It’s been over a month since Julianne Moore walked away with the Best Actress Academy Award for Still Alice; it seems an age ago. Here in the UK we only got to see her winning portrayal of a mother, professor and wife – who is suddenly struck by early onset Alzheimer’s disease – a week ago. It’s a real shame that Still Alice took so long to reach our shores because the screens are now only 20% full for this astonishing depiction of the complex types of suffering, both mental and emotional, that come with something as devastating as a diagnosis like this. Alice has always been defined by her language and her communication. A triumphant linguistics professor at Columbia University, with a ferocious attitude towards all aspects of her life, Alice is defiant, opinionated and certain. She is diagnosed with a rare type of Alzheimer’s disease a third of the way through the movie, whilst still in her fifties. Either side of the diagnosis is a woman trying to hold herself together. At the beginning of Still Alice, our protagonist tries to process the disintegrations she is experiencing, on her own. In the film’s final two thirds we follow Alice and her family through the ways that her condition affects and distorts her perception, confidence and attitude. Still Alice is as much about family, commitment, anger and betrayal as it is about illness. Alice is betrayed by her own body and – as a result – she is helplessly trying to cope with the painfully inevitable. When we hear her logically admit she wishes she had cancer, we’re struck by this film’s first bitterly sad moment which only progresses, swamping you in misery and emotion. I was too sad to really cry – that says a lot about the power, courage and sincerity of Still Alice.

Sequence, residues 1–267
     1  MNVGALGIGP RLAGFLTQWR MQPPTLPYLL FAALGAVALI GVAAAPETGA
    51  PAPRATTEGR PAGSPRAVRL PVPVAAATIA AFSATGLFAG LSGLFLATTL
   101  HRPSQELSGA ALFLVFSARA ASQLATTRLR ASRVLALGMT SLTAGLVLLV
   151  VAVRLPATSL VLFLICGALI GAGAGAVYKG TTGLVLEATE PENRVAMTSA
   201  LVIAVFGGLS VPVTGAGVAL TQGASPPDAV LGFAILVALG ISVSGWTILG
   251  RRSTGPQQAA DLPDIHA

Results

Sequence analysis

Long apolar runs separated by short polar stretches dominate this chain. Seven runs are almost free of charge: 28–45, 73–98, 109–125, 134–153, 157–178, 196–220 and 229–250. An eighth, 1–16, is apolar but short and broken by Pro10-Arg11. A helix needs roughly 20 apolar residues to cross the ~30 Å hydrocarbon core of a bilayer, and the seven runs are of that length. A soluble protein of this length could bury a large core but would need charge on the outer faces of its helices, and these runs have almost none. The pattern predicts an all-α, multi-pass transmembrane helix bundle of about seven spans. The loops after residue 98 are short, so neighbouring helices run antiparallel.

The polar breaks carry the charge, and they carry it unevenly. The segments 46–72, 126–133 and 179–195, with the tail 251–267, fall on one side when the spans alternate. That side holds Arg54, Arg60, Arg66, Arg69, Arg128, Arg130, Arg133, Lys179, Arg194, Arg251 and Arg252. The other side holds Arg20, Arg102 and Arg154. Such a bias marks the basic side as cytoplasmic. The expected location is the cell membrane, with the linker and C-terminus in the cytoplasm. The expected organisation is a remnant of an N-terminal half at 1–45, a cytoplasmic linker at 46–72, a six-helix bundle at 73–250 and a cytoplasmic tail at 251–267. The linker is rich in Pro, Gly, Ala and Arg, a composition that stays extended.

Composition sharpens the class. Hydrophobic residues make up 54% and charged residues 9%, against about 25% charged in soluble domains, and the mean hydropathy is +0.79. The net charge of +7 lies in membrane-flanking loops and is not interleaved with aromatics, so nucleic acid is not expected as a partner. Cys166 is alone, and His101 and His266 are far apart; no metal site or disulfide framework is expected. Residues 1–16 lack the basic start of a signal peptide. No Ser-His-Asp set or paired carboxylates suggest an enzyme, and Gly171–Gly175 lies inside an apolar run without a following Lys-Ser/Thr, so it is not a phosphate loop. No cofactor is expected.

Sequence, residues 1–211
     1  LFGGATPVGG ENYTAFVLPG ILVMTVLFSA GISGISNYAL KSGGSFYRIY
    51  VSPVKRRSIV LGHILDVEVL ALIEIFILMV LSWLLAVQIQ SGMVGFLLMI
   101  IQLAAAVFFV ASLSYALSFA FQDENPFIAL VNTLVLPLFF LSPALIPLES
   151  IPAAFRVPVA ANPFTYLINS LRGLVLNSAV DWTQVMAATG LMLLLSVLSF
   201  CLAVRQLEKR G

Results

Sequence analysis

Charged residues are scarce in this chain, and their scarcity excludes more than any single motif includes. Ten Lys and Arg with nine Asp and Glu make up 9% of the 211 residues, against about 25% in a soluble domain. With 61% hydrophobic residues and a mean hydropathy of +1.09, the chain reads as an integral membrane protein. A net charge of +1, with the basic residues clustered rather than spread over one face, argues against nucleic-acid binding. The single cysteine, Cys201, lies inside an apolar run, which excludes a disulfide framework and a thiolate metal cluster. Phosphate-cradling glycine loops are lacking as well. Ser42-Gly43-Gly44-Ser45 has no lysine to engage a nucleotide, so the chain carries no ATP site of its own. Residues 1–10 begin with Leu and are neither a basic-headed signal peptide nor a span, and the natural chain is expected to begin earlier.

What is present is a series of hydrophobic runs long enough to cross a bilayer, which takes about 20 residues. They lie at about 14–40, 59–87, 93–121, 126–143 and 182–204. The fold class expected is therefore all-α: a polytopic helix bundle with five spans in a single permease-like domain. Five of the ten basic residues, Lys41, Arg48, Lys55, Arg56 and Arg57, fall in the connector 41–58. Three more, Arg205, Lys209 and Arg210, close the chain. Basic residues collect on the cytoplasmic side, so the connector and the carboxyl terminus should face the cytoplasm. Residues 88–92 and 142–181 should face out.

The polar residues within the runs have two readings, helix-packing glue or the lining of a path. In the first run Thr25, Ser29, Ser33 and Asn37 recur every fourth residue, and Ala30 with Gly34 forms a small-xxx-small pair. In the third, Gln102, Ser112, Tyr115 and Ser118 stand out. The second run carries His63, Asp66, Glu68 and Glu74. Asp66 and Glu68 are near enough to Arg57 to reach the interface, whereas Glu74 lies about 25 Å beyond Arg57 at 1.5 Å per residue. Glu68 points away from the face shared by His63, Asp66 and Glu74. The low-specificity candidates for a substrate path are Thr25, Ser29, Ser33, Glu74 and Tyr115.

Of course, this is Moore’s movie. She has always been a brave and versatile actress but here she undergoes an astonishing and tragic transformation in just 100 minutes. Moore never shies away from rawness; she’s an astounding talent who continues to challenge herself and the audience. Alec Baldwin is subtle and believable as a loving husband stuck in a place of possible denial and depression. His love for his wife ensues but he refuses to hide away from the honesty of his character’s difficulties with the unwelcome situation. Kristen Stewart shrugs off her Twilight reputation for good by delving into a complex performance as a daughter whose tepid relationship with her mother is tested and salvaged through an illness that highlights the value of appreciation and living in the moment. Each family member has their own way of processing what is happening to their loved one and nobody’s reaction is lingered upon. Still Alice takes us inside a bitterly unfair situation and allows its characters to deal with things in their own imperfect ways. Alice is a professor more than she is a patient. In her own words, she is struggling not suffering. The suffering comes with the emotion of the situation. In a world where we prepare to lose our loved ones but never ourselves, Still Alice eloquently deals with the anguish of time running out and the awful awareness of the unstoppable unawareness that will soon fall. Still Alice addresses Alzheimer’s patients with the respect and integrity they deserve.
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